“Friends” is the title of the current “Faith Matters” column in the Christian Century, which should be online relatively soon. The author, L. Gregory Jones, dean of the Duke Divinity School, worries that many of our public figures, whether politicians or clerics, increasingly live in a world of pantomime. The constant need to carefully present and anxiously guard a public persona can leave them desperately lonely and without a clear sense of identity. “Worse, such people often turn to destructive means of propping themselves up: giving in to lust, greed, unbridled ambition and narcissistic obsessions; grasping for power; using alcohol and drugs.”
Dean Jones, a Methodist pastor, counsels something as simple yet profound as friendship. We might ask whether Catholic churches do enough to encourage holy friendships. Here, then, is Dean Jones:
All of us, especially those who have public vocations, need friendships that nourish our souls. We cannot survive for long with only “friends” from social functions. We long for holy friendships that shape and deepen our discipleship in authentic ways, so that we become the people God calls us to be.
My own sense of holy friendships arises out of reflection on the Wesleyan class meetings of the 18th century. These gatherings nurtured community because of their transformative power and because the ways in which they addressed people’s yearnings created a significant movement of faithful living.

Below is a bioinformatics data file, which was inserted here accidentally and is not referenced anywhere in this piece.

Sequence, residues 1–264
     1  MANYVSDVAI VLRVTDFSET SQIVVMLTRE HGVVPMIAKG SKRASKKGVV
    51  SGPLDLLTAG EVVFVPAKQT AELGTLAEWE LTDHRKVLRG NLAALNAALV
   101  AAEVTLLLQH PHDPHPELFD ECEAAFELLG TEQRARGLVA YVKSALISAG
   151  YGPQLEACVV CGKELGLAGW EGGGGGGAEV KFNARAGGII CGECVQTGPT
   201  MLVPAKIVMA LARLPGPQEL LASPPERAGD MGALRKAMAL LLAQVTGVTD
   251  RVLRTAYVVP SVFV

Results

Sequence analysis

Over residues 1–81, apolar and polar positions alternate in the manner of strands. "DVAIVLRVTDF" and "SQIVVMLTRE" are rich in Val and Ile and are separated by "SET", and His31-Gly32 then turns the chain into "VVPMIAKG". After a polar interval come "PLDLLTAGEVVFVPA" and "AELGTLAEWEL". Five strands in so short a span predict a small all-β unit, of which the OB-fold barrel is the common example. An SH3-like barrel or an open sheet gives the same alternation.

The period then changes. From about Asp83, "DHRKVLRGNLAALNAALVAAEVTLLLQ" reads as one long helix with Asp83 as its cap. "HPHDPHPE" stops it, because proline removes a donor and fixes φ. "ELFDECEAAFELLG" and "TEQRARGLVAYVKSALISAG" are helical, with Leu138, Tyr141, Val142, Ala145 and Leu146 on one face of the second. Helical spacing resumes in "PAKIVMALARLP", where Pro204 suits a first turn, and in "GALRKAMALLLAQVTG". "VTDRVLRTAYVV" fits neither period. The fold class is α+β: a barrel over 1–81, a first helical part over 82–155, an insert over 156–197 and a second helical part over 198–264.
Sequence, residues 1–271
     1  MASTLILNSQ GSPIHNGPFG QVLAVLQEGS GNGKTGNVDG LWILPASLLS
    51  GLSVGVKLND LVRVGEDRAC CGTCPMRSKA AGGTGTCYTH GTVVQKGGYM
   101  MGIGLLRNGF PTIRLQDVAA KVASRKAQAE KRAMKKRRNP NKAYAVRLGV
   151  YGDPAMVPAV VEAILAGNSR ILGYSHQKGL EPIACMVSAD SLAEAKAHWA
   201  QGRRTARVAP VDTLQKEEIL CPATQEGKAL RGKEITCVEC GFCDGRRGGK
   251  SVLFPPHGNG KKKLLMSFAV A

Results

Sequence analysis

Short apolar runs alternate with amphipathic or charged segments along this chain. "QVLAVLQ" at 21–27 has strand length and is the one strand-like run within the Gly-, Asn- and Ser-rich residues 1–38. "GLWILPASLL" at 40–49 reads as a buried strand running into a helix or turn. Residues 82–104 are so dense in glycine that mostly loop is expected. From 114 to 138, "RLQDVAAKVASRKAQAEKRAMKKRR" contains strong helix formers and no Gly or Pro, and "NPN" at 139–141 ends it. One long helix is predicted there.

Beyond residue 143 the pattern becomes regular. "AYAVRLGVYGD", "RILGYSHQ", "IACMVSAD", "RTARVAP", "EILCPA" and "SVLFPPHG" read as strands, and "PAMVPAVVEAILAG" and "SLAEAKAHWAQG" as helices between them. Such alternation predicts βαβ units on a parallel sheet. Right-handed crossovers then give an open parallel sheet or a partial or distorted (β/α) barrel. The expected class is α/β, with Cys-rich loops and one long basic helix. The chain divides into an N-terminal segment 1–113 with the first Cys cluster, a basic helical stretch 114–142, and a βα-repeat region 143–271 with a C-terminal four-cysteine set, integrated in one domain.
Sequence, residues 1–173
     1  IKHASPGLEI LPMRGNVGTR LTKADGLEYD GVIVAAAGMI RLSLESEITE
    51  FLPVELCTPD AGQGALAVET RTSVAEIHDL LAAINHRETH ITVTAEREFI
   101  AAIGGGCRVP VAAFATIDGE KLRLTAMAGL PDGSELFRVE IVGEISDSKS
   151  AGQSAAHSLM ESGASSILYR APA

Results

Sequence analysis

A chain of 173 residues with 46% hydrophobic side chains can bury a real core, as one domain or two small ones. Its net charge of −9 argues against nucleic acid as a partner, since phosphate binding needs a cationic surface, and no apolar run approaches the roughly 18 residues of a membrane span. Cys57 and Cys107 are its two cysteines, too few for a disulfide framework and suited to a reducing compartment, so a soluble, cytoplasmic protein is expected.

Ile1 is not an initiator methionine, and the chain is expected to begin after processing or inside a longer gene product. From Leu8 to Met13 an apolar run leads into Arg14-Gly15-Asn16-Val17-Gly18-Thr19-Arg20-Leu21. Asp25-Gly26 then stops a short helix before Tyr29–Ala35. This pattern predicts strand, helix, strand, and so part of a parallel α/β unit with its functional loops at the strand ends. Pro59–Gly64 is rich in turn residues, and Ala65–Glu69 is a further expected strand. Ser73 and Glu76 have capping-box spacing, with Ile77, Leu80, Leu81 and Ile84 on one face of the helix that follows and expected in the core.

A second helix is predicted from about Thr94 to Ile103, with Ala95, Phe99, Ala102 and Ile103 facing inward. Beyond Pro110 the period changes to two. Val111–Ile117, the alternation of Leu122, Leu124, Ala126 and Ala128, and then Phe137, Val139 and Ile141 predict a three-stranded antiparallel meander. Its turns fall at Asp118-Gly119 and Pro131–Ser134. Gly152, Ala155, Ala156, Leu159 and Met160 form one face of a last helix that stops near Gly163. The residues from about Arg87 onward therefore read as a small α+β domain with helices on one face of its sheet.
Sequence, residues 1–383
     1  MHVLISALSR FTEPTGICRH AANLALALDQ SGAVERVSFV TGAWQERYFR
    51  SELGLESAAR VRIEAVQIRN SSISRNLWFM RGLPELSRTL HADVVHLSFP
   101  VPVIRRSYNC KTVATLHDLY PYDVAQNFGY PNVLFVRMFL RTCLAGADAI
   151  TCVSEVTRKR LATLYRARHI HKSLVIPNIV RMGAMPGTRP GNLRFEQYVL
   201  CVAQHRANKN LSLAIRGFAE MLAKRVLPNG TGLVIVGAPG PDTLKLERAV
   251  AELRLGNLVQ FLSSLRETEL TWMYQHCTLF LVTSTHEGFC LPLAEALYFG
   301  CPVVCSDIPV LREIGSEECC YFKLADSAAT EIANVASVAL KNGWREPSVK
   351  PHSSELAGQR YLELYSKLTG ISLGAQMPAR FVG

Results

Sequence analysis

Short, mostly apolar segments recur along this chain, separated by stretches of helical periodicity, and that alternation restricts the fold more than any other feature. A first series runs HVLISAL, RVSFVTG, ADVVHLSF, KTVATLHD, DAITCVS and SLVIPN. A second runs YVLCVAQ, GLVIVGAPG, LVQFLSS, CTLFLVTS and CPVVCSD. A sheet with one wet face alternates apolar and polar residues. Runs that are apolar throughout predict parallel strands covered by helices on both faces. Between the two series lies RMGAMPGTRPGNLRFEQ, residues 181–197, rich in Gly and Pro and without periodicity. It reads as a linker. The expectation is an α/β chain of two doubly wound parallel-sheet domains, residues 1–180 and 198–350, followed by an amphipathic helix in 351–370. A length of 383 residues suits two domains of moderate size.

Holy friends are those people who challenge the sins we have come to love – they know us well enough to see the sins that mark our lives. It isn’t difficult to find people who will talk with us about sins we already hate. But the sins that we love we tend to hide from others and even from ourselves. This is why we need other people to hold us accountable.
Holy friends also help us discern God’s work in our lives and affirm gifts that we are afraid to claim. They help us to dream God’s dreams in ways we otherwise never would have. It isn’t difficult to have sycophants telling us things neither they nor we believe; nor is it difficult to find truthful people who affirm gifts about which we already know. But holy friends point us to new avenues of relationship and activity that can enable us to grow in relation to God and others – and thereby also to discover the selves God calls us to be.
In offering both challenge and support, holy friends also help us dream God’s dreams for the future. Sinful activities cause our world to shrink, often into a narcissism where we can no longer see beyond ourselves. The challenges and affirmations from holy friends cause our world to enlarge again, and they call us to dream God’s dreams in new ways that give life and offer hope to others.